"The challenges and the hard work start from here," Dravid said at a press conference in Mumbai after the team arrived in India, following their Under-19 World Cup win in New Zealand.
India went with a vision to win the World Cup like all the teams, but they were head and shoulders above the rest. They bowled out opponents in each of the six matches and this was the second instance of a team bowling out opponents in each of the six matches in an Under-19 World Cup. India were the first team to do it back in 2006 when they finished as runners-up.
The Prithvi Shaw-led side outplayed Australia in the summit clash of the tournament, defeating them by eight wickets. Manjot Kalra won the Man of the Match award for his brilliant century in the final, while Shubman Gill was the Man of the Series for his consistency with the bat during the tournament. There was a lot of positives for India in the World Cup. The real journey to become a successful international cricketer begins now for the youngsters who were the architects of this famous win.
“The hard work begins for them and for us as well, as to how we manage these boys over the next few years. Even if not a lot of them go on to play for India, it can happen... it's not easy to get into the Indian side. It depends on the number of players who are performing - that makes it difficult to break in at times. If they go on to have successful first-class careers, then from thereon it becomes a stepping stone for international cricket,” Dravid added.
It will be intriguing to see how some of Indian U-19 World Cup winners perform in the upcoming Indian Premier League (IPL) and Ranji Trophy which eventually will give them the confidence going ahead.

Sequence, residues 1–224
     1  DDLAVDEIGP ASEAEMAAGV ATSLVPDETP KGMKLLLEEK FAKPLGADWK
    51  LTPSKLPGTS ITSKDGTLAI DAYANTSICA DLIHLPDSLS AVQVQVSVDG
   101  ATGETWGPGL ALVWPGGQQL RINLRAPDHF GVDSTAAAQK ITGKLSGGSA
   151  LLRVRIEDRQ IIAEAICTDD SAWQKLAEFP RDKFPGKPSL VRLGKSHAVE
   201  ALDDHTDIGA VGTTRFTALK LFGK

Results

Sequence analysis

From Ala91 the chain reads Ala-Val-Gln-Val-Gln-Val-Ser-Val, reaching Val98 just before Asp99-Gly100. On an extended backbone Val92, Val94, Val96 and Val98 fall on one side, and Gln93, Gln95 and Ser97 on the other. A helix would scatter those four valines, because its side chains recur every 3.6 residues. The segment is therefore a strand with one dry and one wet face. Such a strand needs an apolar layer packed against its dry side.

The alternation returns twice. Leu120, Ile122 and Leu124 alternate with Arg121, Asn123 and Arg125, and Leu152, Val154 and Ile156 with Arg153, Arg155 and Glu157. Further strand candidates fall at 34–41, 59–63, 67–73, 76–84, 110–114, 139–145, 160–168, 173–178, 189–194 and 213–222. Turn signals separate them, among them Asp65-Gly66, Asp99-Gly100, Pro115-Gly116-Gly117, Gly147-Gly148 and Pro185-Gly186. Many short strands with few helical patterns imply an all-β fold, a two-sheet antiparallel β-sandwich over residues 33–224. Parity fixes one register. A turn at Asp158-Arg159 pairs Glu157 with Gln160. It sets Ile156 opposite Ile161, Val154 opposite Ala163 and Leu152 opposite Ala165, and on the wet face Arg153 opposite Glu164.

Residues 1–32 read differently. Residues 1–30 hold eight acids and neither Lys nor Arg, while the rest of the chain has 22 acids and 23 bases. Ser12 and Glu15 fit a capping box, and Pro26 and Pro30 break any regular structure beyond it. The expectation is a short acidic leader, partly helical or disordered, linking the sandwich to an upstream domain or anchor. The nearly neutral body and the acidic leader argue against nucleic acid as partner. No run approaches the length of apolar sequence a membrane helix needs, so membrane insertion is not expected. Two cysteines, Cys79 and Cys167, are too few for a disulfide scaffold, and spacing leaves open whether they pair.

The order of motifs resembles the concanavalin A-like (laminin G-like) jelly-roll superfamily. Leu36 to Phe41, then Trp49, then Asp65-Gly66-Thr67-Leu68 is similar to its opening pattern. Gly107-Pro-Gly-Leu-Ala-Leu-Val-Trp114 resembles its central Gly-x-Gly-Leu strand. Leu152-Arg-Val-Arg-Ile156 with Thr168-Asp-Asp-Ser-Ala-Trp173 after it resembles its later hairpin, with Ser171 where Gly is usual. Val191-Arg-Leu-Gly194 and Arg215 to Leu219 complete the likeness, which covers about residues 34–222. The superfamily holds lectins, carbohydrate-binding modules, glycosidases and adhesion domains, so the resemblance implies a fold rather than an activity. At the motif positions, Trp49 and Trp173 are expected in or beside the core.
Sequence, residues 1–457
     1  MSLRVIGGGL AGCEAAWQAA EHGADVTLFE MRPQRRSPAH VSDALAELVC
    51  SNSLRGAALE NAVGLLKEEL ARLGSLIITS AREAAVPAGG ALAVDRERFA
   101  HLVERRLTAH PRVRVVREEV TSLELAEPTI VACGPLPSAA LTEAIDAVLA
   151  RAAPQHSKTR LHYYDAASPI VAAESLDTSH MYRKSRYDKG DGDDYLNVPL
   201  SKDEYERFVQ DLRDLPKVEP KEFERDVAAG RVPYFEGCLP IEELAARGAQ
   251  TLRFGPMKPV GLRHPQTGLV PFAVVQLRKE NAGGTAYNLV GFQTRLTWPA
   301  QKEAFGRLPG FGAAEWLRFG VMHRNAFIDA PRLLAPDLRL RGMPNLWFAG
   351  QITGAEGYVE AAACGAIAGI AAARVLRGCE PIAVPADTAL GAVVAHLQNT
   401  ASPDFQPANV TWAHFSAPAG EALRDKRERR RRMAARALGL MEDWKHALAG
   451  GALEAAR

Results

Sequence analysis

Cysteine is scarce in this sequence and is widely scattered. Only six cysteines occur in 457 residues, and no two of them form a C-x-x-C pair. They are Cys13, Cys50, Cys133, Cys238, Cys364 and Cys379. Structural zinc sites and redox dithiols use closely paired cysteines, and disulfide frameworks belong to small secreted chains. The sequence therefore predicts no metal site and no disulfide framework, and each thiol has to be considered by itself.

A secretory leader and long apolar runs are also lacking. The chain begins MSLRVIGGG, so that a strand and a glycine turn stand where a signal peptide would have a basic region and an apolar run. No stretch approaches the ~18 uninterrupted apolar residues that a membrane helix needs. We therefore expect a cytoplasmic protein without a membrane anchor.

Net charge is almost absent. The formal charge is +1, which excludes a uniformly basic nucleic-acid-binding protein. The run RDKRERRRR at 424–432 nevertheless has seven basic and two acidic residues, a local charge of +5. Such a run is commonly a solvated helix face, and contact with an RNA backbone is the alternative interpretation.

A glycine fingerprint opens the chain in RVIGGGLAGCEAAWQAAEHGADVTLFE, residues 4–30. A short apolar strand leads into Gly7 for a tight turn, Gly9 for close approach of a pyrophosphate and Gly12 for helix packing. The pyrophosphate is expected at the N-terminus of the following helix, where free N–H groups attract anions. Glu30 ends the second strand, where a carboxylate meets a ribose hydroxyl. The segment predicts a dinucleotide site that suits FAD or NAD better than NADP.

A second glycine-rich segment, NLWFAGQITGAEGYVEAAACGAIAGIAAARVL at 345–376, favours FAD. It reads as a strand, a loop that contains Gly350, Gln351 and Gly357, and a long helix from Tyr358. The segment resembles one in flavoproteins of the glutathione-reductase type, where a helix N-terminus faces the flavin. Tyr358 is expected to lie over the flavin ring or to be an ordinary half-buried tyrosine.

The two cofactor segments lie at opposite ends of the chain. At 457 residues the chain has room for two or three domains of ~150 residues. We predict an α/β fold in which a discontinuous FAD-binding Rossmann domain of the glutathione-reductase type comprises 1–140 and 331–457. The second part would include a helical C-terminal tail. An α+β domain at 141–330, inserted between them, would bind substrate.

Here’s a comprehensive statistical analysis of the U-19 World Cup 2018:
The win over Australia at the Bay Oval on Saturday made India the first team to clinch the U-19 World Cup four times.
New Zealand were one of the two teams to score 400-plus runs in an innings. Their total of 436/4 against Kenya at Christchurch is the second highest in the history of U-19 World Cup.
Alick Athanaze of the West Indies was the only player to score 400-plus runs in the tournament this year, while Gill’s batting average of 124.00 was the highest for a player with a cut-off 300 runs in a single edition of U-19 World Cup.
Hasitha Boyagoda now holds the record of scoring most runs in a youth ODI match.
Gill is now only the second player to score four consecutive fifty-plus scores in U-19 World Cup history after Mehidy Hasan Miraz.
There were four players who scored three ducks in this year's edition of the U-19 World Cup.
Finn Allen of New Zealand hit the maximum sixes in the tournament. He was the only player to hit nine sixes in an innings.
Anukul Roy’s bowling strike rate of 14.1 was the best for any bowler with a cut-off of 10 wickets in a single edition of the U-19 World Cup.
Lloyd Pope’s figures of 8/35 against England at Queenstown on 23 January was the second-best by a player in the history of youth ODIs.
Rohail Nazir of Pakistan claimed most number of dismissals in the tournament.
And Harry Brook of England is the proud owner of the following record:
The stand of 250 runs between Nathan McSweeney and Jason Sangha for the second wicket against Papua New Guinea U-19 at Lincoln on 19 January was the third time that 250 or more runs were scored in a partnership in U-19 World Cup history.